After watching Fox's Grease: Live on Sunday night, I would like to send a message to any cast member of the production if they ever stumble across this blog.
It wasn't your fault. I saw the payoff of all the time and energy you put in. You're tremendously talented. The singing and dancing was as good as it gets. The fact that I didn't like the overall presentation isn't your responsibility in the least.
The fault for the complete blunder that was Grease: Live rests solely with the producers, and for one reason only: the completely bone-headed decision to include, and outright remake, scenes from the 1978 movie.
This interpretation couldn't decide if it wanted to be a broadcast of a live stage show, or a shot-for-shot remake of a movie.
I was 8 years old when Grease was first in theaters. The movie holds a magical place in my heart and soul like most movies I saw around the time I was that age do.
So, it would be super easy for me to sit here, be a complete bitch and say, "Well, it's not as good as the movie and those actors are no John Travolta and Olivia Newton-John."
A lack of being open to actors of today and new interpretations was not my problem with Grease: Live. My problem is that the producers and the director didn't seem to be interested in new interpretation.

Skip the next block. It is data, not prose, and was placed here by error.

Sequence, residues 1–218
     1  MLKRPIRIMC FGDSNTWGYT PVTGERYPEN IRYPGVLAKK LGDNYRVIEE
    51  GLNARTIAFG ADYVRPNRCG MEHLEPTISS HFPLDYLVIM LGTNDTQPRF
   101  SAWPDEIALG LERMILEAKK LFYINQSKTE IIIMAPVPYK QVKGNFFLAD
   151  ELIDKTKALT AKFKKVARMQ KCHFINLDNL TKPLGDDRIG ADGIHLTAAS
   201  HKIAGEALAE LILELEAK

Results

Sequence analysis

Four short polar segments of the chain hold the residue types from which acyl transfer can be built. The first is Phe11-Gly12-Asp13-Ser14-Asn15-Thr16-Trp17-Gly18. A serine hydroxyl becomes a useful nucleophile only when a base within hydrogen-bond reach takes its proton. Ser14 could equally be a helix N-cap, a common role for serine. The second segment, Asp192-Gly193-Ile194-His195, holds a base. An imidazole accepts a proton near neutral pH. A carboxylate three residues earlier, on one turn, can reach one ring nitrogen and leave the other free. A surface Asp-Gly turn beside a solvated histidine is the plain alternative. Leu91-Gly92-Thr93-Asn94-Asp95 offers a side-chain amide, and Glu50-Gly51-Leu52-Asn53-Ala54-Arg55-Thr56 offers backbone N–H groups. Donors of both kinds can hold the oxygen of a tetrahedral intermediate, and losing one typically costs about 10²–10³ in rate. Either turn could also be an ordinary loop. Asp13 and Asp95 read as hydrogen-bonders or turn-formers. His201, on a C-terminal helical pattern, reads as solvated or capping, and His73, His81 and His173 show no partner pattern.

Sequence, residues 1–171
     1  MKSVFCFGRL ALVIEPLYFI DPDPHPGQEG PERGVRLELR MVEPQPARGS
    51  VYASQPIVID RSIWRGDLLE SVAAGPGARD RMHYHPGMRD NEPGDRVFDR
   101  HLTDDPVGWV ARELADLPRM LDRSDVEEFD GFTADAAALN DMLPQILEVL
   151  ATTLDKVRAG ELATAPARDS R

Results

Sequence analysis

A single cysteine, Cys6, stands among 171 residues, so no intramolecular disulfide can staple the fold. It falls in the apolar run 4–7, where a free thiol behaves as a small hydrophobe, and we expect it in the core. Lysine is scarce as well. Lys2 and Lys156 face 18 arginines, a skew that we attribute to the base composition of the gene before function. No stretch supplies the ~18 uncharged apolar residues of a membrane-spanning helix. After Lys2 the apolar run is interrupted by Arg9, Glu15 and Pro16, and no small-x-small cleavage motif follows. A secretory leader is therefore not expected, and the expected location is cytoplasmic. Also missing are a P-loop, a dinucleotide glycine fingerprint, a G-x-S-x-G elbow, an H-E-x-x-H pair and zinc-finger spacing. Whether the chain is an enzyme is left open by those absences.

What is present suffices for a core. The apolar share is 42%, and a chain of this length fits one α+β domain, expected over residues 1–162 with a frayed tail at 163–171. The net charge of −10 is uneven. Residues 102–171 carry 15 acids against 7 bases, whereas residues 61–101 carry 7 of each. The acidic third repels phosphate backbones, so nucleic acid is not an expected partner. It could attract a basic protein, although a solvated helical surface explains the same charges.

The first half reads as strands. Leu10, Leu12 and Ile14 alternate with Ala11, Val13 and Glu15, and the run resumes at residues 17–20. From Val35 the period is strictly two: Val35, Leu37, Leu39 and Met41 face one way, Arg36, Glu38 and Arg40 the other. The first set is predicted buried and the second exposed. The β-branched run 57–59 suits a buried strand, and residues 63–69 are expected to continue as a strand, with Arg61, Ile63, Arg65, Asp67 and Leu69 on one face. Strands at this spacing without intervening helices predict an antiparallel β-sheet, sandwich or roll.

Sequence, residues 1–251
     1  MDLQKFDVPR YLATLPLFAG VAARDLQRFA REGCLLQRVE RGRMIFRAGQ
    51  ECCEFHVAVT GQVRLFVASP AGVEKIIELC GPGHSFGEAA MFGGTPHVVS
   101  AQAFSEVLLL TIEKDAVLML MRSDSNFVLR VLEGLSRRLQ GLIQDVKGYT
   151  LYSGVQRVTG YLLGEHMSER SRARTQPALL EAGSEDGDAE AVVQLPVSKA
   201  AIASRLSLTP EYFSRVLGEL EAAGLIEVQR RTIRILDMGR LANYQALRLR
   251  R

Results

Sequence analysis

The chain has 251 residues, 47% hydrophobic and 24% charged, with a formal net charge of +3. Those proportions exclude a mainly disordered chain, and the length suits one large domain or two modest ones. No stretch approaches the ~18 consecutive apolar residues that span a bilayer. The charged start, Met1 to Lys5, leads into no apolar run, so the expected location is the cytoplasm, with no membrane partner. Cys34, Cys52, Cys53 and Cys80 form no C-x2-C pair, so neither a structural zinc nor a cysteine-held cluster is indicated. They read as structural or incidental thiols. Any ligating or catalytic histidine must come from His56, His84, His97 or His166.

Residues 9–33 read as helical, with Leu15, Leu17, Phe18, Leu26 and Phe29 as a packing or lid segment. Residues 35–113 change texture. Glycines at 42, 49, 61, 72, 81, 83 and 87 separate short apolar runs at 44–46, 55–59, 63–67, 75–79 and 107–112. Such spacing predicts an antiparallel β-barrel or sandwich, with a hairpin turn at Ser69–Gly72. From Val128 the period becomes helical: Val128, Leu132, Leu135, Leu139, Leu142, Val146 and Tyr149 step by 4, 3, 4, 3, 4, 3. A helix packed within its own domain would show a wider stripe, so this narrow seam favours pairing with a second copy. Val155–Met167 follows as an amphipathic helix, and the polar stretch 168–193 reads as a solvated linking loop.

Grease: Live stayed so close to moments from the movie that it left the actors very little room to breathe or create their own sense of character.
Vanessa Hudgens certainly sang well as Rizzo, but most of the time, I felt she was directed to play the role as Stockard Channing played Rizzo instead of being allowed to play it her own way. Hudgens even seemed to be mimicking the very distinctive walk/strut Channing had in the movie!
I don't think that was Hudgens' fault. Granted, I wasn't a fly on the wall during the production and I don't know what her choices were.
However, there is always a director steering the ship, and a good director will help an actor make a role his or her own. To my eyes, it sure looked like the director wanted Hudgens (and others) to play as close to the movie as possible.
Check the scene at the drive-in movie, where almost all the business between Aaron Tveit and Julianne Hough as Danny Zuko and Sandy -- right down to timing, how an elbow hits and where a hand tries to grope -- are almost note for note what Travolta and Newton-John do in the movie.
What makes this seeming lack of interest in changing things up even stranger is that some of the dialogue preceding it was original and includes one of the most interesting alterations for this production: having Sandy cut out of the dance because she was afraid of her parents catching her on TV, as opposed to the movie, where a drunk Sonny yanks her away from Danny.
The use of scenes that were put into the original movie to "open it up" from the stage show don't work when they're put into the live TV context. A prime example is the "cap" to a sequence where Zuko tries different sports to turn jock and impress Sandy.
The "cap" to those moments on-screen with Travolta and Newton-John is given time for nuance and sensitivity. It's very sweet. Here, in this live TV version where time is of the essence and everything needs to be "fast, fast, fast", there is no room for that kind of depth. As a result, Danny and Sandy reuniting falls completely flat.